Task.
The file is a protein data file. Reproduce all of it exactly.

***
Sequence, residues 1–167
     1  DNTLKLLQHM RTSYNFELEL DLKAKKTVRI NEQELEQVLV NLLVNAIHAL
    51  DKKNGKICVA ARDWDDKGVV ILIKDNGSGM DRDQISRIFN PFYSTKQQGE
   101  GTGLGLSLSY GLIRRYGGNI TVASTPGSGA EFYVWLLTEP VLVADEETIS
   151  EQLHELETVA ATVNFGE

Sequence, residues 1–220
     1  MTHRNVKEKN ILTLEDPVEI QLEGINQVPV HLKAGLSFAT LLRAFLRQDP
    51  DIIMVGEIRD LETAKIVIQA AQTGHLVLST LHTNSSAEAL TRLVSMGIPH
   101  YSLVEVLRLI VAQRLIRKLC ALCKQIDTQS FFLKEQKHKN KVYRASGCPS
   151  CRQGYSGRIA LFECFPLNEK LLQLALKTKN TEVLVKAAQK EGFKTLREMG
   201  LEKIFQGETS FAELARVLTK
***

Sequence, residues 1–167
     1  DNTLKLLQHM RTSYNFELEL DLKAKKTVRI NEQELEQVLV NLLVNAIHAL
    51  DKKNGKICVA ARDWDDKGVV ILIKDNGSGM DRDQISRIFN PFYSTKQQGE
   101  GTGLGLSLSY GLIRRYGGNI TVASTPGSGA EFYVWLLTEP VLVADEETIS
   151  EQLHELETVA ATVNFGE

Sequence, residues 1–220
     1  MTHRNVKEKN ILTLEDPVEI QLEGINQVPV HLKAGLSFAT LLRAFLRQDP
    51  DIIMVGEIRD LETAKIVIQA AQTGHLVLST LHTNSSAEAL TRLVSMGIPH
   101  YSLVEVLRLI VAQRLIRKLC ALCKQIDTQS FFLKEQKHKN KVYRASGCPS
   151  CRQGYSGRIA LFECFPLNEK LLQLALKTKN TEVLVKAAQK EGFKTLREMG
   201  LEKIFQGETS FAELARVLTK